FILE - In a Sunday, Nov. 20, 2016 file photo, Dallas Cowboys' Dak Prescott (4) and Tony Romo (9) talk on the sideline in the first half of an NFL football game against the Baltimore Ravens in Arlington, Texas. The Cowboys went on a record-setting run with
Michael Ainsworth, File
December 29, 2016

FRISCO, Texas (AP) Dak Prescott's job was to win without Tony Romo when the Dallas Cowboys lost their 10-year starting quarterback to a preseason back injury after going 1-11 with him sidelined last season.

Prescott was so good, Romo never got his job back.

The Cowboys won 11 straight games and secured the top seed in the NFC with rookie sensations Prescott and running back Ezekiel Elliott , along with one of the NFL's best offensive lines, highlighting a short list of teams that thrived or at least survived without injured stars in 2016.

''This is one of the finest seasons you've seen as a rookie quarterback probably in the history of the NFL,'' 14th-year Dallas tight end Jason Witten said. ''It would be tough to argue that statement and he deserves a lot of credit for that, his ability to come in and understand the situation he had, embrace that challenge and play really good football.''

The former Mississippi State standout was drafted in the fourth round with the idea that he would be No. 3 behind Romo and Kellen Moore, and perhaps be the quarterback of the future. It quickly became the present when Moore broke an ankle in practice at training camp and Romo broke a bone in his back in the third preseason game against Seattle.

Prescott responded by breaking every Dallas rookie quarterback record, many by a wide margin.

The widest was wins. He has 13, tied with Pittsburgh's Ben Roethlisberger for the most in NFL history for a rookie going into the regular-season finale at Philadelphia. The previous club mark was three by Quincy Carter in 2001.

In high school and college, Prescott replaced an injured starter and kept the job.

''Here he is in the NFL and he's filling in for one of the all-time Cowboy greats that had a bad-luck injury to start the season, and he's gone out and won,'' offensive coordinator Scott Linehan said. ''I think he just puts it in his world of that's what you're supposed to do.''

New England was well on its way to a playoff spot when three-time All-Pro tight end Rob Gronkowski had season-ending back surgery in early December. But the Patriots kept winning. They are 4-0 without him and control the race for the top seed in the AFC going into the finale at Miami.

Tom Brady also lost a trusted receiver in Danny Amendola to an ankle injury on Dec. 4. With former Dallas tight end Martellus Bennett filling in for Gronkowski, and veteran Chris Hogan and rookie Malcolm Mitchell doing the same at receiver, the Patriots keep rolling.

Bennett has 52 catches for 668 yards and six touchdowns.

''He's done a great job and he's been out there every week to compete,'' Brady said. ''He's a very tough guy. When you see him, he's 6-foot-7, 280, I mean, he doesn't back down from anybody.''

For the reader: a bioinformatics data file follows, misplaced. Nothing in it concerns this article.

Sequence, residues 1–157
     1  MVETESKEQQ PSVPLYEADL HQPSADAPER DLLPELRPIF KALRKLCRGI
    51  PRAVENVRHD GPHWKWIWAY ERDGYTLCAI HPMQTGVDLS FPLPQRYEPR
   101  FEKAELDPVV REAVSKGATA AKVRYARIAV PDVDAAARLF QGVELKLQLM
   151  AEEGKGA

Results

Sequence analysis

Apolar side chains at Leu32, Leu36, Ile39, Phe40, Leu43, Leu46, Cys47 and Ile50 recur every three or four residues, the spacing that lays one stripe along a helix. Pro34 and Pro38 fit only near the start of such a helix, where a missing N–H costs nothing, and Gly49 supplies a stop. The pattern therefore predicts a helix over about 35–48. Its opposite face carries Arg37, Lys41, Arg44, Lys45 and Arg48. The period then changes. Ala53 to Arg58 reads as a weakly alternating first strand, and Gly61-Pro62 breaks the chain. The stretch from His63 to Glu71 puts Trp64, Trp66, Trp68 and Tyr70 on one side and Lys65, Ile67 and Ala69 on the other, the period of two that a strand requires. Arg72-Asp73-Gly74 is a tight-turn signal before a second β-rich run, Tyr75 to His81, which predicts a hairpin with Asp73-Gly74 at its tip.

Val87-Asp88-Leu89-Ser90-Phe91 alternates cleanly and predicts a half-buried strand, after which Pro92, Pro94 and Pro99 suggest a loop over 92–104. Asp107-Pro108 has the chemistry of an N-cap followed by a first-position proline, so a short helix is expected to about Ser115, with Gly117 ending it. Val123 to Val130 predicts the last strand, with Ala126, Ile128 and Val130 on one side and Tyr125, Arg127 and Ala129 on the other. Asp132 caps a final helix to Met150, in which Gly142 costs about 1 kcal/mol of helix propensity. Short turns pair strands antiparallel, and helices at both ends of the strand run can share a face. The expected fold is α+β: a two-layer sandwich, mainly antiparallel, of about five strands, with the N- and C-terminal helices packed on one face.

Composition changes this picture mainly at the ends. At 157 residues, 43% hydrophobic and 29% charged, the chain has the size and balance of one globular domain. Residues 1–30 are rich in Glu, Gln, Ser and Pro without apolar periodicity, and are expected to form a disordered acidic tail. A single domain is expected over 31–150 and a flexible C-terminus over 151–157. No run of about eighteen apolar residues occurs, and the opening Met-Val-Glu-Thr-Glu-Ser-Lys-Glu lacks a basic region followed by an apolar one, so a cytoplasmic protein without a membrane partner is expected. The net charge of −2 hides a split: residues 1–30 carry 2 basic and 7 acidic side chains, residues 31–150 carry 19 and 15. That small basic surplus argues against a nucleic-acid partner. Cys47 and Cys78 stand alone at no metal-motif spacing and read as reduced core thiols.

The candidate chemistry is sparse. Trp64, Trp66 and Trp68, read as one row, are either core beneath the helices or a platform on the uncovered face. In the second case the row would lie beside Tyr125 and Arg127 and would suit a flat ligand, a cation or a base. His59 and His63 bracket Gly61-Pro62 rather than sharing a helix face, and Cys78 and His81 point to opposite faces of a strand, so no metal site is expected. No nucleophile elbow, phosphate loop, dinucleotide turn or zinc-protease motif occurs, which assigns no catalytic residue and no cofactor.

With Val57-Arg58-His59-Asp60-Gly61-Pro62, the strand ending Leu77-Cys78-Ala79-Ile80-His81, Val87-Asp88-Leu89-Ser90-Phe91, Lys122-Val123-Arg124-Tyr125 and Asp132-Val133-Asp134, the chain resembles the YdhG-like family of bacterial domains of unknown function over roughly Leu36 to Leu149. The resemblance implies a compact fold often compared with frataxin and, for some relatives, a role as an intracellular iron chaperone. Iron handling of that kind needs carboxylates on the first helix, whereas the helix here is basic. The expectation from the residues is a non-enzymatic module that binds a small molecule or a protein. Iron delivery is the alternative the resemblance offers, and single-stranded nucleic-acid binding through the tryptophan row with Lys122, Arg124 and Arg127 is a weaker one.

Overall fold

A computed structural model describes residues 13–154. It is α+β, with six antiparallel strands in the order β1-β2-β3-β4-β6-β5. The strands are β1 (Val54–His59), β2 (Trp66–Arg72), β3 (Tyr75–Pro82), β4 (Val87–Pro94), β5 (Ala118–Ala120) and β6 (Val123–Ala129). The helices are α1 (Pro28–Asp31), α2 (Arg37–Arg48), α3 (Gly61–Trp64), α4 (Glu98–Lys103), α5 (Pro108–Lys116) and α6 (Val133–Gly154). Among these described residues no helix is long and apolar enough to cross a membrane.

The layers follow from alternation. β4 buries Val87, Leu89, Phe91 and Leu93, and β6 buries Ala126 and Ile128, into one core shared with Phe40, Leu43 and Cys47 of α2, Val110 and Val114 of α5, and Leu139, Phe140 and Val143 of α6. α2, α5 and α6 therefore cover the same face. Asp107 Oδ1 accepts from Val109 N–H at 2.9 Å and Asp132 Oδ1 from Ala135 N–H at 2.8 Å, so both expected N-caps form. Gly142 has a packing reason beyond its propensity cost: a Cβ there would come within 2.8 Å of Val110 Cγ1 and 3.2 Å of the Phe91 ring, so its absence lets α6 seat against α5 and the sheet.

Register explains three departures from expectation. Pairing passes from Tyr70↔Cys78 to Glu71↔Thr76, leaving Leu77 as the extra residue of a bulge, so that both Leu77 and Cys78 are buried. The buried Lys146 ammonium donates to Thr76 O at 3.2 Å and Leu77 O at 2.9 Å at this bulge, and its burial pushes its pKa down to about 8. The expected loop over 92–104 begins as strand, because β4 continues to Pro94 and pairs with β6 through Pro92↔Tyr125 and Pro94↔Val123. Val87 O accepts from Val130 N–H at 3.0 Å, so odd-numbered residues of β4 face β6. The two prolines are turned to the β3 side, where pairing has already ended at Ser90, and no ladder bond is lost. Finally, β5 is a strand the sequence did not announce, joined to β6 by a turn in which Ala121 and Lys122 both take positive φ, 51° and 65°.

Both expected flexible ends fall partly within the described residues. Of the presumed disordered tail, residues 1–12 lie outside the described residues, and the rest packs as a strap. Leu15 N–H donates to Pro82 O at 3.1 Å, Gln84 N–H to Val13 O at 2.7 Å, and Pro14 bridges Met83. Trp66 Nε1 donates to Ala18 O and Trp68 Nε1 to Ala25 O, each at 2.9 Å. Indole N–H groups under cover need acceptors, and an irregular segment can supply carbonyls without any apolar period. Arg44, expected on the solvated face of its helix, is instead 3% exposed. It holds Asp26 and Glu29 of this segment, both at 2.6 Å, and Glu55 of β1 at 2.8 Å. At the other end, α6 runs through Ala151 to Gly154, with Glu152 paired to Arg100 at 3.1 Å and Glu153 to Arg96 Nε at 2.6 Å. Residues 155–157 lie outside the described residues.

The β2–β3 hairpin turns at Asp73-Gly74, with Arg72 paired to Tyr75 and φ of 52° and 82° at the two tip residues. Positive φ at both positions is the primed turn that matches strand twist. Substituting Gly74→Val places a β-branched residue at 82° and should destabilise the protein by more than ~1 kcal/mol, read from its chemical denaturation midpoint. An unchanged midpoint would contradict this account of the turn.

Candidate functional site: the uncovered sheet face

Hogan and Mitchell have combined for more than 1,000 yards and eight touchdowns, four apiece.

''It says a lot for a rookie to be playing his best in December,'' Brady said of Mitchell. ''It speaks to what he's all about, his mindset, his character, his determination.''

Other notable injuries and their effects on those teams:

WINNING WITHOUT WATT: The Houston Texans lost three-time Defensive Player of the Year J.J. Watt to a back injury after just three games. But they moved 2014 top overall pick Jadeveon Clowney from outside linebacker to defensive end to fill the hole and made the playoffs for the second straight season.

Clowney has thrived in a breakout season with a career-high six sacks and 16 tackles for losses, fourth in the NFL entering the final weekend. Houston's defense has propped up an offense that struggled under expensive free agent Brock Osweiler, who was benched.

DOUBLE WHAMMY: Minnesota reached 5-0 despite the loss of quarterback Teddy Bridgewater to a devastating left knee injury in a noncontact drill during preseason practice, and a right knee injury to running back Adrian Peterson in Week 2. But the Vikings couldn't sustain it even though Sam Bradford filled in well for Bridgewater following a trade.

An offensive line that lost several starters couldn't protect Bradford or create much room for Peterson's replacements, Jerick McKinnon and Matt Asiata. The Vikings had already faded by the time Peterson returned Dec. 18 against Indianapolis, and they lost again.

''I think it was a huge lift,'' Bradford said after the Indy game. ''We just didn't do enough to get him going and give ourselves an opportunity to get into a rhythm with him in the game.''

AN EVEN 20: San Diego has 20 players on injured reserve and is on its way to a second straight last-place finish in the AFC West in large part because backups haven't played well in place of injured starters.

Wide receiver Keenan Allen was hurt in the opener, running back Danny Woodhead in the second game, and cornerback Jason Verrett, a Pro Bowler last year, played only four games.

Other players of note who've hit IR include nose tackle Brandon Mebane, outside linebacker Jerry Attaouchu, inside linebacker Manti Te'o and cornerback Brandon Flowers. Wideout Stevie Johnson was hurt during training camp.

SUPER LETDOWN: Defending NFC champion Carolina was doomed by a poor start, and hopes to recover took a big blow when three-time All-Pro linebacker Luke Kuechly sustained a concussion in a win over New Orleans on Nov. 17. The Panthers were 2-3 without him, and he was ruled out of the finale against Tampa Bay with Carolina out of playoff contention.

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